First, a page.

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|Juvenile Salmonid Response to Large Woody Debris Placement: An Analysis of Long-Term Monitoring Data
|Presenting Author Name
|Presenting Author Affiliation
|Western Washington University
|Presenting Author Email
|Western Division/WA-BC Chapter
|Freshwater, Salmonids, Restoration Effectiveness
|Type of Presentation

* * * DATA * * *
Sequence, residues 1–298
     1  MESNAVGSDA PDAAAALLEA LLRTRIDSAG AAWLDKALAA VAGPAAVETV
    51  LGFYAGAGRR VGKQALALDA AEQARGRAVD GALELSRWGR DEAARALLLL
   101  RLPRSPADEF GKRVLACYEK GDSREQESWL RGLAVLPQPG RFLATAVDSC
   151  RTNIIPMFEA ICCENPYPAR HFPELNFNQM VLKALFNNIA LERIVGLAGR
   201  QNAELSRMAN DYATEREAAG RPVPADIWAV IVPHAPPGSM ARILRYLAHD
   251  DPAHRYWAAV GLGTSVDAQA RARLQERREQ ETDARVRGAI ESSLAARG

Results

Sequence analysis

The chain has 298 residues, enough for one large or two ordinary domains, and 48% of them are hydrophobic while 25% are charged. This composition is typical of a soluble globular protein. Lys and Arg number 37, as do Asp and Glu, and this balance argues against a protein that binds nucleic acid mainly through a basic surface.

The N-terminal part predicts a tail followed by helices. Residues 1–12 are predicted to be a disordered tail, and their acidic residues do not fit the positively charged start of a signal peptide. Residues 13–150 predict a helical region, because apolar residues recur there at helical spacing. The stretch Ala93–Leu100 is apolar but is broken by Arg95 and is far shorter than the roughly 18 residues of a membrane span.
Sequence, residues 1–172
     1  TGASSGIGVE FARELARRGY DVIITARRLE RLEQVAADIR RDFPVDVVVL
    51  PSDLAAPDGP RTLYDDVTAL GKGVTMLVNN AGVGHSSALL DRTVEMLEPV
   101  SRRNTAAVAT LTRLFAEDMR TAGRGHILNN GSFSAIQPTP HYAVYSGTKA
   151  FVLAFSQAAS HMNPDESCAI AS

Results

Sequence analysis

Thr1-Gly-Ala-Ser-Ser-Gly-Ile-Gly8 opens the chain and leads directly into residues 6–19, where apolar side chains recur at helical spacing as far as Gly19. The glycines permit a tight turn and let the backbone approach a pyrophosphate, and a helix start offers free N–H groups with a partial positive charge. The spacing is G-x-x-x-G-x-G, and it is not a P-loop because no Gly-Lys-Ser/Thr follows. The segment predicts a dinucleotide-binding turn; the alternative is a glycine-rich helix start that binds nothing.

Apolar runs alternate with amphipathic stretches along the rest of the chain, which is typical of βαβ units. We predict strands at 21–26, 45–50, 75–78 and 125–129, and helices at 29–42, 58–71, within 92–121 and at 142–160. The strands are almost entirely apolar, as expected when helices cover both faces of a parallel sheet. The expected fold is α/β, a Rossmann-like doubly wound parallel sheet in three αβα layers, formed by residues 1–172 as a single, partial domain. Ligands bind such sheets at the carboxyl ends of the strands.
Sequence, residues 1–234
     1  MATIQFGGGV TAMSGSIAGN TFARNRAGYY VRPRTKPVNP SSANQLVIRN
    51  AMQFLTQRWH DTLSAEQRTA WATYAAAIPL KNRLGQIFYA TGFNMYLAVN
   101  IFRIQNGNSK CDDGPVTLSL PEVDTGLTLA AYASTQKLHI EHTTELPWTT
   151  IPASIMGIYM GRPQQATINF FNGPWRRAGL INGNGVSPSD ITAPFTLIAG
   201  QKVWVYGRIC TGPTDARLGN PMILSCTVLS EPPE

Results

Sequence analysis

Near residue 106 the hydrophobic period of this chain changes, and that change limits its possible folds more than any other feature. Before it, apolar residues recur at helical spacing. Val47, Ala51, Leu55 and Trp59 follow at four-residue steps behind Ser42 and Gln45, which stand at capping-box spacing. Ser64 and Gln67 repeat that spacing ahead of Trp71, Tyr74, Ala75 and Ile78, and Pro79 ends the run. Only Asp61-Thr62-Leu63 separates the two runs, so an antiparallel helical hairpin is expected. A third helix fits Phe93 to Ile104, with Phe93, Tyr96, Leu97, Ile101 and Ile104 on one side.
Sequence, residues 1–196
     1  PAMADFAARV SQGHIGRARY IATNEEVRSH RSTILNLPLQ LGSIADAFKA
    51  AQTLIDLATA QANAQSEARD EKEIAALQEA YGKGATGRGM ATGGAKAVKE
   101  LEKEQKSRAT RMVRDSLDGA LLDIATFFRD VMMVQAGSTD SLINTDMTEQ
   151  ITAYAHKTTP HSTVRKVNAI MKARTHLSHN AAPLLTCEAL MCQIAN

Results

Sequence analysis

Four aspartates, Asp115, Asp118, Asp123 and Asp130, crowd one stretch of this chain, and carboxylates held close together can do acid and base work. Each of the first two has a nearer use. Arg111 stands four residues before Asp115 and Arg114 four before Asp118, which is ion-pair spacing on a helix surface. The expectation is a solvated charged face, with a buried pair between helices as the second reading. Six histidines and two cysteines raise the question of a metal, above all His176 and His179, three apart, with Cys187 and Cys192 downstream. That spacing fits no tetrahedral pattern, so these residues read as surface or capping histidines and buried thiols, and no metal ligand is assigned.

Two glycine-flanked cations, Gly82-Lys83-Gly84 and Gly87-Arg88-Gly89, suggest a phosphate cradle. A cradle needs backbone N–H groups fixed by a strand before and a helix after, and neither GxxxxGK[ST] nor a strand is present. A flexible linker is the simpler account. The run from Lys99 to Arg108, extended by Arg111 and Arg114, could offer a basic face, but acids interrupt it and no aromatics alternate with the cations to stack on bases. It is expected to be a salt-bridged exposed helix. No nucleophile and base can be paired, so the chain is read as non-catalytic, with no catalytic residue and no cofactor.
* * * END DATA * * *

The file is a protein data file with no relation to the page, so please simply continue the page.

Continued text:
The decline of Pacific salmon (Oncorhynchus spp.) is well-documented, and the widespread degradation of freshwater juvenile rearing habitat is a primary contributor. In recent decades, river restoration has become a multi-million dollar a year industry, but salmon populations have not improved on a proportional scale. One of the most common forms of restoration involves the placement of large woody debris (LWD). These projects are typically implemented with the assumption that they will improve freshwater habitat, and an increase in salmon abundance will naturally follow. We synthesized data from 16 LWD placement projects throughout Washington State, dating back to 2004. These projects followed a multiple Before-After, Control-Impact study design, with paired "control" and "treatment" study reaches. Each study reach was monitored 1-4 years before restoration and 3-10 years after restoration, through physical habitat profiles and snorkel surveys. We used linear mixed effects models to evaluate the outcomes of these restoration projects, in terms of both habitat and fish response. As expected, habitat features responded positively, with increases in average residual pool depth, pool area, and habitat complexity. However, fish response was much more complicated. We looked for changes in both density and biomass of juvenile coho salmon (O. kisutch), Chinook salmon (O. tshawytscha) and steelhead (O. mykiss). Each species responded to LWD placement differently, with varying implications for restoration success. In most cases, however, density-dependent factors and variations in regional climate impacted fish response with equal or greater magnitude than did LWD placement. Our results suggest that LWD placement can be a useful tool for salmon restoration, but current levels of restoration will likely be insufficient to improve salmon populations.